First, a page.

A modeling language
is any artificial language
that can be used to express information
in a structure
that is defined by a consistent set of rules. The rules are used for interpretation of the meaning of components in the structure.
A modeling language can be graphical or textual.
- Graphical modeling languages use a diagram techniques with named symbols that represent concepts and lines that connect the symbols and that represent relationships and various other graphical annotation to represent constraints.
- Textual modeling languages typically use standardised keywords accompanied by parameters to make computer-interpretable expressions.
An example of a graphical modeling language and a corresponding textual modeling language is EXPRESS.
Not all modeling languages are executable, and for those that are, the use of them doesn't necessarily mean that programmers are no longer required. On the contrary, executable modeling languages are intended to amplify the productivity of skilled programmers, so that they can address more challenging problems, such as parallel computing and distributed systems.
A large number of modeling languages appear in the literature.
Type of modeling languages
Graphical modelling languages
Example of graphical modelling languages in the field of computer science, project management and systems engineering:
- Business Process Modeling Notation (BPMN, and the XML form BPML) is an example of a Process Modeling language.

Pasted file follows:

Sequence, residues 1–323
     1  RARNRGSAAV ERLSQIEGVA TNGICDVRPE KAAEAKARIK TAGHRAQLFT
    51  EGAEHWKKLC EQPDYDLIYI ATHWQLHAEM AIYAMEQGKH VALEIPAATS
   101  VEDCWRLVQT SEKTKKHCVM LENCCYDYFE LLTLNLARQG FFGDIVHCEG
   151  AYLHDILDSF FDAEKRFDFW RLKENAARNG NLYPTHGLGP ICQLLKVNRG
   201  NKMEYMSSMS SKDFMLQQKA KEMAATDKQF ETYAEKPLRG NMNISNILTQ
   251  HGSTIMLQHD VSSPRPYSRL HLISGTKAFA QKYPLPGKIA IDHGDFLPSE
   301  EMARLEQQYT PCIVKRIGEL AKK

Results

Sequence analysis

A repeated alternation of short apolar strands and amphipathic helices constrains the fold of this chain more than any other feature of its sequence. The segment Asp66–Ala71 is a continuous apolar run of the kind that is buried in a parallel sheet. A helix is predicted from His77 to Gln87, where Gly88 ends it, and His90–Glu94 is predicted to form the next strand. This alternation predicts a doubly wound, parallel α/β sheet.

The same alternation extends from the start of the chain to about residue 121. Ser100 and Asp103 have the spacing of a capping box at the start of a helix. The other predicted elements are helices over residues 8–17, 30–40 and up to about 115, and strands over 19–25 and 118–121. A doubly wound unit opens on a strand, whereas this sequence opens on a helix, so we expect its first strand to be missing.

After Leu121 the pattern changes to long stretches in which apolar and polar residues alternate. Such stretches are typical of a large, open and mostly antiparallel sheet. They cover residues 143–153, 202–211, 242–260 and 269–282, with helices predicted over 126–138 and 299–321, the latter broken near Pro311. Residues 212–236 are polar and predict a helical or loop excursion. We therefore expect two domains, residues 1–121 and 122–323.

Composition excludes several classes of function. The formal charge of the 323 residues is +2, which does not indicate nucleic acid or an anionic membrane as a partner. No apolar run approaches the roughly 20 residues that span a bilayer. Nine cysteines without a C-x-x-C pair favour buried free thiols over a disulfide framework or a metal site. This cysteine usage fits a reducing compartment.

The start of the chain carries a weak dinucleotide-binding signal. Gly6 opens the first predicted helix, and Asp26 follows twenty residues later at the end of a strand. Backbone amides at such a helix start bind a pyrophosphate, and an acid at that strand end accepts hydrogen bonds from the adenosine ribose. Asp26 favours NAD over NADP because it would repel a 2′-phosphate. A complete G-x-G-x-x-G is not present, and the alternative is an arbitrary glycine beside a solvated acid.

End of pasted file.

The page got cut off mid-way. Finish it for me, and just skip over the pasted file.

- EXPRESS and EXPRESS-G (ISO 10303-11) is an international standard general-purpose data modeling language.
- Extended Enterprise Modeling Language (EEML) is commonly used for business process modeling across a number of layers.
- Flowchart is a schematic representation of an algorithm or a stepwise process,
- Fundamental Modeling Concepts (FMC) modeling language for software-intensive systems.
- IDEF is a family of modeling languages, the most notable of which include IDEF0 for functional modeling, IDEF1X for information modeling, and IDEF5 for modeling ontologies.
- Jackson Structured Programming (JSP) is a method for structured programming based on correspondences between data stream structure and program structure
- LePUS3 is an object-oriented visual Design Description Language and a formal specification language that is suitable primarily for modelling large object-oriented (Java, C++, C#) programs and design patterns.
- Object Role Modeling (ORM) in the field of software engineering is a method for conceptual modeling, and can be used as a tool for information and rules analysis.
- Petri nets use variations on exactly one diagramming technique and topology, namely the bipartite graph. The simplicity of its basic user interface easily enabled extensive tool support over the years, particularly in the areas of model checking, graphically-oriented simulation, and software verification.
- Specification and Description Language(SDL) is a specification language targeted at the unambiguous specification and description of the behaviour of reactive and distributed systems.
- SysML is a Domain-Specific Modeling language for systems engineering that is defined as a UML profile (customization).
- Unified Modeling Language (UML) is a general-purpose modeling language that is an industry standard for specifying software-intensive systems. UML 2.0, the current version, supports thirteen different diagram techniques, and has widespread tool support.
Examples of graphical modeling languages in other fields of science.
More specific modeling languages
In the field of computer science
recently more specific types of modeling languages have emerged.
Algebraic Modeling Language
Algebraic Modeling Languages